On March 22, 2018, the National Council on Disabilities (NCD) released a report on the guardianship process, which affects 1.3 million Americans by legally finding them incapable of making decisions for themselves. Click here to access the full report, and see below for NCD’s summary of their findings and recommendations.
Guardianship is often imposed when not warranted by facts or circumstances, because guardianship proceedings often operate under erroneous assumptions that people with disabilities lack capability to make autonomous decisions.
Capacity determinations often lack sufficient scientific or evidentiary basis.
Although guardianship is considered a protective measure, courts often lack adequate resources, technical infrastructure, and training to monitor guardianships effectively and hold guardians accountable, which at times allows for guardians to use their positions to financially exploit people subject to guardianships or subject them to abuse or neglect.
People with disabilities are often denied due process rights in guardianship proceedings.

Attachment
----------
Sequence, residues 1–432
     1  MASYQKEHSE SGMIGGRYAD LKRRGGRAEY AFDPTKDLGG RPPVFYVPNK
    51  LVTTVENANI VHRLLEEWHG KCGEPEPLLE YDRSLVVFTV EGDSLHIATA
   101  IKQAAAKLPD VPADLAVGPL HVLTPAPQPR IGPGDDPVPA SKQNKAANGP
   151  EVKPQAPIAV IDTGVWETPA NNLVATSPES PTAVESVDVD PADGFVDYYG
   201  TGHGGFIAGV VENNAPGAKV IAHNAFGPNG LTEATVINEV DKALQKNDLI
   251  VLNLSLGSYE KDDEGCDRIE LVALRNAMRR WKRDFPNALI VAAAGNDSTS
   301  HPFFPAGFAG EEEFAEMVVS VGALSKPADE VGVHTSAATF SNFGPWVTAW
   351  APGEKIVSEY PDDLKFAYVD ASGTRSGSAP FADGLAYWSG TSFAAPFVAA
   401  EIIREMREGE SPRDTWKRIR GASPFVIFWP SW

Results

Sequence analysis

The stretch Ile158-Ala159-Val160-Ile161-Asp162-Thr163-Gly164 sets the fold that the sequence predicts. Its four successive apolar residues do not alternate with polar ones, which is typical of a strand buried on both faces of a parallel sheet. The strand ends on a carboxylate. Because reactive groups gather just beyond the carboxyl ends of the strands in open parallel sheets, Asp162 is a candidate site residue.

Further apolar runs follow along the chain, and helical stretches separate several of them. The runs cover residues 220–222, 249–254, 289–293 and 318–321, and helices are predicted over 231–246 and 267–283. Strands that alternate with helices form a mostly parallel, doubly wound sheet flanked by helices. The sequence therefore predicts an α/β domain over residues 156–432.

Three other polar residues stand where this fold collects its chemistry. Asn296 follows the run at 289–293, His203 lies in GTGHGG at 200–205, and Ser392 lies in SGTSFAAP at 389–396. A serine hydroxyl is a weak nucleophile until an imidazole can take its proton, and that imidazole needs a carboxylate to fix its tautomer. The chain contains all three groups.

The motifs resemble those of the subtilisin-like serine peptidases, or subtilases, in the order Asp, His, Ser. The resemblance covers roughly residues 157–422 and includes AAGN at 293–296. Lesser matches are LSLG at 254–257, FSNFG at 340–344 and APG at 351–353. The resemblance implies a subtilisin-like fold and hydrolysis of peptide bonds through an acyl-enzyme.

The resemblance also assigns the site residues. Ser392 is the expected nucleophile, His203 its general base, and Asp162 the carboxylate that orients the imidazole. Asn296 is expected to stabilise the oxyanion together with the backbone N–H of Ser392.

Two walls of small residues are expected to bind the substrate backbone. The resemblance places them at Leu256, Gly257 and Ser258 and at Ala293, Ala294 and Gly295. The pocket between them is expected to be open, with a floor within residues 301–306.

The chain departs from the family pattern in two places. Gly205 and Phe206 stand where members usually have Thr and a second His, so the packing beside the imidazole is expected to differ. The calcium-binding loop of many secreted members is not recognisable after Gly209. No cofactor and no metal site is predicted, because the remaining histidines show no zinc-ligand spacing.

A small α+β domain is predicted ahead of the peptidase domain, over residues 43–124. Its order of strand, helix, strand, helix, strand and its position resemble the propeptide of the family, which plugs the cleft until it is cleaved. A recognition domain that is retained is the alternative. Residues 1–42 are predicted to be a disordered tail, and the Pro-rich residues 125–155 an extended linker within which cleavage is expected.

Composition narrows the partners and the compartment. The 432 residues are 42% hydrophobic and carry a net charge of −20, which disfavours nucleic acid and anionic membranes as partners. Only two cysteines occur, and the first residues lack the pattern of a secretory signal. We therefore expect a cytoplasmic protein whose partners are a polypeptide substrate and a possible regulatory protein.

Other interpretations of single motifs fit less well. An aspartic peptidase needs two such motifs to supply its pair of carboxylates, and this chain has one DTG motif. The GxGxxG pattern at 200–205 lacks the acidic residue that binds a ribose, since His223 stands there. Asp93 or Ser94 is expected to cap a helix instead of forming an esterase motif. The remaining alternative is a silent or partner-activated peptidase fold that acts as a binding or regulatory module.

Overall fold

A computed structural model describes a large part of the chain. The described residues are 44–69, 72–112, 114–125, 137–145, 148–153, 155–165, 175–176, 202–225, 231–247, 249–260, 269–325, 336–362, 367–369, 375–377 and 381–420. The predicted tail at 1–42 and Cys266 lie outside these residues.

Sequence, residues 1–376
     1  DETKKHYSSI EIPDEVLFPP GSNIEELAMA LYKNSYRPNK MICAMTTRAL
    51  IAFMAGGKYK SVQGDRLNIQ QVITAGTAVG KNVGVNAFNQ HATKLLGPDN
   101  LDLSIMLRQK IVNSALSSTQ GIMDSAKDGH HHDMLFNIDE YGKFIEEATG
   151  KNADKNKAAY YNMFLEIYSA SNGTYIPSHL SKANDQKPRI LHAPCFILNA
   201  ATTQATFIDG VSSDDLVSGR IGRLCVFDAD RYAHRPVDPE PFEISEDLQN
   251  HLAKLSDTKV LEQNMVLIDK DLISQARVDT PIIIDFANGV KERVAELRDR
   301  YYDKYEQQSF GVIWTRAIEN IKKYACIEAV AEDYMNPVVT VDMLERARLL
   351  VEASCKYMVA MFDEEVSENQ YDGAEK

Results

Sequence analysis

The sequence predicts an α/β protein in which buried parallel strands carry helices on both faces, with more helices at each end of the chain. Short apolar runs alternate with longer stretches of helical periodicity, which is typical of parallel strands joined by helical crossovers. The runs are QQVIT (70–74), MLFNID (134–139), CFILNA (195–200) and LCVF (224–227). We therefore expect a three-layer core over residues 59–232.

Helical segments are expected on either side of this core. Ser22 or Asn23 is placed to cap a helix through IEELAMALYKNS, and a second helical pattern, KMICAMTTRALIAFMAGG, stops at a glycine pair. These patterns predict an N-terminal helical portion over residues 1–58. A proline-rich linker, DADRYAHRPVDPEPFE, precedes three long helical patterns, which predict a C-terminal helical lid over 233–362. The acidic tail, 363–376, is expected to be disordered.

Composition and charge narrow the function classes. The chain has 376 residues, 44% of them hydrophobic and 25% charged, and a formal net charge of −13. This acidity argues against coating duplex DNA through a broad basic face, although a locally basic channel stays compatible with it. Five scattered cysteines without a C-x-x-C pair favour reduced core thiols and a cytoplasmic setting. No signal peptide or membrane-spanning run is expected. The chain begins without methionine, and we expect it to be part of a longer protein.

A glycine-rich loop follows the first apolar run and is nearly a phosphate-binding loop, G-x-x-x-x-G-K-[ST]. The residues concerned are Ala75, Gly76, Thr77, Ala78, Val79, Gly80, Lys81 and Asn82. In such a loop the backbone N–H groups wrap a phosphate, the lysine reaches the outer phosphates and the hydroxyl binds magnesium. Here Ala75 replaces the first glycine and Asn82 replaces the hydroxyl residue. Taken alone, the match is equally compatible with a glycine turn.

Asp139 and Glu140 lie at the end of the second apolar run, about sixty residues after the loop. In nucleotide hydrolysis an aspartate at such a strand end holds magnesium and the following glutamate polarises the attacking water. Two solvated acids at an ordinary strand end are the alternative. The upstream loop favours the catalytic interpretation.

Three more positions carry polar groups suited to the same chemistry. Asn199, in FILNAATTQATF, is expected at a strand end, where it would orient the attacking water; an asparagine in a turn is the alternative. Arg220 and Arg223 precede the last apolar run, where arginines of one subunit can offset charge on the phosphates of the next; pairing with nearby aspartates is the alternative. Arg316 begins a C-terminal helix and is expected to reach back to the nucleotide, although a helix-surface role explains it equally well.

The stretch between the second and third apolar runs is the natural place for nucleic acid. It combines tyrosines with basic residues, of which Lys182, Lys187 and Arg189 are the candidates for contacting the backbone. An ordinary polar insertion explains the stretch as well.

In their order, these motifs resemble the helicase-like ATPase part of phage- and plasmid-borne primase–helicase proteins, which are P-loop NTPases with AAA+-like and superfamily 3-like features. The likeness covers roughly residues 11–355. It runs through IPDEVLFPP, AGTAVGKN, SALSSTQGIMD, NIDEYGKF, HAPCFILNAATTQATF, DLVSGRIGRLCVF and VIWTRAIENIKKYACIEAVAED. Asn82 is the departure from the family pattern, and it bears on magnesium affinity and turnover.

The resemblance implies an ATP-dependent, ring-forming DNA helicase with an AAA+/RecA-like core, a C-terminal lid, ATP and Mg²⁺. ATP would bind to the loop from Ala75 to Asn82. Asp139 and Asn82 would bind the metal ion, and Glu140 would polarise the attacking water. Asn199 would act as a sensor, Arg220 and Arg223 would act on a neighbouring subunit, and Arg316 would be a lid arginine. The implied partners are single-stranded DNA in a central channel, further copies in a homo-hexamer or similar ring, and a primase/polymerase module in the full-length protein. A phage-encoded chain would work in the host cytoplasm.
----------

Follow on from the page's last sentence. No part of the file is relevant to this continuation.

Although most state laws require consideration of less-restrictive alternatives, courts do little to enforce those requirements.
Similarly, though every state has a process for the restoration of one’s rights lost through guardianship, the process is rarely used.
There is a lack of data on existing guardianships and newly filed guardianships, which frustrates efforts of policymakers to make determinations about necessary areas for reform.
Additionally, given the implications guardianship has for civil rights, ANCOR wishes to bring members’ attention to another article in this issue on the effects of guardianship on voting.
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